• Using exploits, XCSSET abuses the existing Safari and other installed browsers to steal user data. In particular, it:
    • Uses a vulnerability to read and dump Safari cookies
    • Uses the Safari development version to inject JavaScript backdoors on to websites via a Universal Cross-site Scripting (UXSS) attack
    • It steals information from the user’s Evernote, Notes, Skype, Telegram, QQ ,and WeChat apps
    • It takes screenshots of the user’s current screen
    • It uploads files from the affected machines to the attacker’s specified server
    • It encrypts files and shows a ransom note, if commanded by the server
  • Inside of the malicious XCode bundle, there is a single shell script called ‘xcassets’ and an additional folder that when executed drops additional malicious JavaScript and Applescript files that masquerade as legitimate XCode processes.
  • The attacker has a lot of choices in what they do against affected developers via the arbitrary JavaScript injected into the browser.
    • Modifying displayed websites
    • Modifying /replacing Bitcoin/cryptocurrency addresses
    • Stealing amoCRM, Apple ID, Google, Paypal, SIPMarket, and Yandex credentials
    • Stealing credit card information from the Apple Store
    • Blocking the user from changing passwords but also stealing newly modified passwords
    • Capturing screenshots of certain accessed sites
  • One 0 day is a vulnerability in the Data Vaults service, allowing attackers to steal session cookies. Data Vaults is a service that is a mechanism—enforced by the kernel—to protect against unauthorized access to data regardless of whether the requesting app is itself sandboxed.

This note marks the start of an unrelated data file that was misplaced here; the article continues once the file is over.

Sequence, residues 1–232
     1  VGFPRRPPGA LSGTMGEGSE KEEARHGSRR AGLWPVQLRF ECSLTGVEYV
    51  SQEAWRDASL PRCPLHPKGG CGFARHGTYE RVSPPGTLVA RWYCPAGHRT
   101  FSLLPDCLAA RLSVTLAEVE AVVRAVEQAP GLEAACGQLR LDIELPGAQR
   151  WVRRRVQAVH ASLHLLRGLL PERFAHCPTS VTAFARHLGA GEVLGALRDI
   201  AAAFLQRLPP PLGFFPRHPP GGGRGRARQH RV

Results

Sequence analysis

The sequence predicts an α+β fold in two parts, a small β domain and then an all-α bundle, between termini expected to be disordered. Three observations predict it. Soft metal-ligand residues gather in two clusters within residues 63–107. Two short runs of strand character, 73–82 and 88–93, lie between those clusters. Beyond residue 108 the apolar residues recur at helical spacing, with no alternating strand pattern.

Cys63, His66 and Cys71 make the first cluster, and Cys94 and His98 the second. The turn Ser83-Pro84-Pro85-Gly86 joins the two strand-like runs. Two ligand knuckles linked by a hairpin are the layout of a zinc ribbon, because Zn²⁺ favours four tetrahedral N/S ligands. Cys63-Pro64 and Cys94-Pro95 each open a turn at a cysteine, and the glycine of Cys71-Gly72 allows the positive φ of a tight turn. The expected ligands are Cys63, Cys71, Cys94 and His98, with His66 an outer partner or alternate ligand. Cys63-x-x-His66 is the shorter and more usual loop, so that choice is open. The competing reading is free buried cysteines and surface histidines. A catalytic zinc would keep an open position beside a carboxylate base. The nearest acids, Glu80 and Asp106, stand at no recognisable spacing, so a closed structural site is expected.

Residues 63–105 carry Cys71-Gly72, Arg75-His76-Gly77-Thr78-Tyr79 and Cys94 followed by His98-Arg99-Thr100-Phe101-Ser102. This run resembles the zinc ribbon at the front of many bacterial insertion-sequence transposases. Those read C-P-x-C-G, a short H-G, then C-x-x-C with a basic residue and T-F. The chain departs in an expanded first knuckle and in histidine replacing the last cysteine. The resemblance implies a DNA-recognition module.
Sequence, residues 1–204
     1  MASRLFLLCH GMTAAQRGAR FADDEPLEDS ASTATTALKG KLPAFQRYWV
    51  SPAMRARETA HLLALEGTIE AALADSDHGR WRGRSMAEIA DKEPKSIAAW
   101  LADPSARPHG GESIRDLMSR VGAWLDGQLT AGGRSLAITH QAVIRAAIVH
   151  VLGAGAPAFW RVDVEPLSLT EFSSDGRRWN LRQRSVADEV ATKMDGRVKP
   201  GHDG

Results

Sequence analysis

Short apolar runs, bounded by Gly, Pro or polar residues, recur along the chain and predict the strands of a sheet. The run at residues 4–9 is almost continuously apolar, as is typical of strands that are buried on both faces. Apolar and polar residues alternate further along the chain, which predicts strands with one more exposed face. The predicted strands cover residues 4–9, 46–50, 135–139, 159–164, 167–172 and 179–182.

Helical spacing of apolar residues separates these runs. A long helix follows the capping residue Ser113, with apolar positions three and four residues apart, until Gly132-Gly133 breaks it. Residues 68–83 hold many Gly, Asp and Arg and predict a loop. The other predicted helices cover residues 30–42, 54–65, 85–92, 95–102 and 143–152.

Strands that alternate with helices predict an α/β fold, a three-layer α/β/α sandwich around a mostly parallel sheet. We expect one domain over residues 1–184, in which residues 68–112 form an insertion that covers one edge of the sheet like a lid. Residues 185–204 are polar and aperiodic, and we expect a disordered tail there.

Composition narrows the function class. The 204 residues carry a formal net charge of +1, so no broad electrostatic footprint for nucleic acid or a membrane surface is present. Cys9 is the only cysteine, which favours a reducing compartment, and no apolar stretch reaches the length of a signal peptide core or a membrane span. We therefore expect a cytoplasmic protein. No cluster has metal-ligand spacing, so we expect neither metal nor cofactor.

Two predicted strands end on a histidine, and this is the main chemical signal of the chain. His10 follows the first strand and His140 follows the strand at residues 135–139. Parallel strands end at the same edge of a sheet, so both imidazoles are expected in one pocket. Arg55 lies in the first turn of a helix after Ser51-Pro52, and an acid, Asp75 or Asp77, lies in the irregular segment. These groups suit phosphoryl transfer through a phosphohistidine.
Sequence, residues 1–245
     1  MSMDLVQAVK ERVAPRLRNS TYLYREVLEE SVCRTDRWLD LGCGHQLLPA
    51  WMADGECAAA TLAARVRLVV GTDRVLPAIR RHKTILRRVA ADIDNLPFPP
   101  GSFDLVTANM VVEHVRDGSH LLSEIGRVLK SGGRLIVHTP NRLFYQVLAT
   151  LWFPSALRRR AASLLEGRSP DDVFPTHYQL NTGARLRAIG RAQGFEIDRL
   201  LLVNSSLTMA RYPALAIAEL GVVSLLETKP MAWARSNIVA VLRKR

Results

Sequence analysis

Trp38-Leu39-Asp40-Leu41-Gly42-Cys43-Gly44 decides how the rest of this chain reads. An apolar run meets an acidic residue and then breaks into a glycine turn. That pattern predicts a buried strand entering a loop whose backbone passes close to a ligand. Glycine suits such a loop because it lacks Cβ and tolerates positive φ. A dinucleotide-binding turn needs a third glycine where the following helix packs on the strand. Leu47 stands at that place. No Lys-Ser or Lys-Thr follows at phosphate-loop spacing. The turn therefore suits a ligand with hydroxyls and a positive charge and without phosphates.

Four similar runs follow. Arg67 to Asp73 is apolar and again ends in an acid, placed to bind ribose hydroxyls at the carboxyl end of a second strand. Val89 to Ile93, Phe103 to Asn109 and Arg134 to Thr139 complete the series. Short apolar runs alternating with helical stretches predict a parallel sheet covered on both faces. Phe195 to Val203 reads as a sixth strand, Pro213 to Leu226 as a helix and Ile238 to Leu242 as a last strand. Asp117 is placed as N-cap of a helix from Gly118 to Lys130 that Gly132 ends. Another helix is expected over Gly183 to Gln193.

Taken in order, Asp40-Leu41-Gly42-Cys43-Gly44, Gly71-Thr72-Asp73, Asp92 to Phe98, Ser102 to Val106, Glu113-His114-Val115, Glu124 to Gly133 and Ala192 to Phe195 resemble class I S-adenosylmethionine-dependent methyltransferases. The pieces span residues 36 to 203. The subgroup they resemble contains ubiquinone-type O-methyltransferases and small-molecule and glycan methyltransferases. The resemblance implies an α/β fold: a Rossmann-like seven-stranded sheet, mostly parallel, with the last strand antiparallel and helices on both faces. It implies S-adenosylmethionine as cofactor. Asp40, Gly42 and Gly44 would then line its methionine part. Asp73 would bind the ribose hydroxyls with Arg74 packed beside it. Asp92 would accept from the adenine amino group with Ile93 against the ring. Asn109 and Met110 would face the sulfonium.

• Another is a privilege escalation vulnerability in the Development version of Safari which combined with a UXSS allows high priv JavaScript to run.
  • From their investigation of the C&C server, they were able to obtain the list of victim IP addresses that were collected by the malware authors. Out of the 380 entries, users from China are the highest with 152, followed by users from India with 103. So the victimology is pretty clear here.

Two Truths and a Lie

Introducing our newest segment on Breaking Badness. We are going to play a game you are all likely familiar with called two truths and a lie, with a fun twist. Each week, one us with come prepared with three article titles, two of which are real, and one is, you guessed it, A LIE.

You’ll have to tune in to find out!

Current Scoreboard

Breaking Badness Two Truths and a Lie

This Week’s Hoodie/Goodie Scale

GoldenSpy vs. Spy

[Chad]: 3/10 Hoodies
[Tarik]: 5/10 Hoodies

Newly Discovered Malware Cracks The Xcode

[Chad]: 9/10 Hoodies
[Tarik]: 9/10 Hoodies

That’s about all we have for this week, you can find us on Twitter @domaintools, all of the articles mentioned in our podcast will always be included on our podcast recap. Catch us Wednesdays at 9 AM Pacific time when we publish our next podcast and blog.

*A special thanks to John Roderick for our incredible podcast music!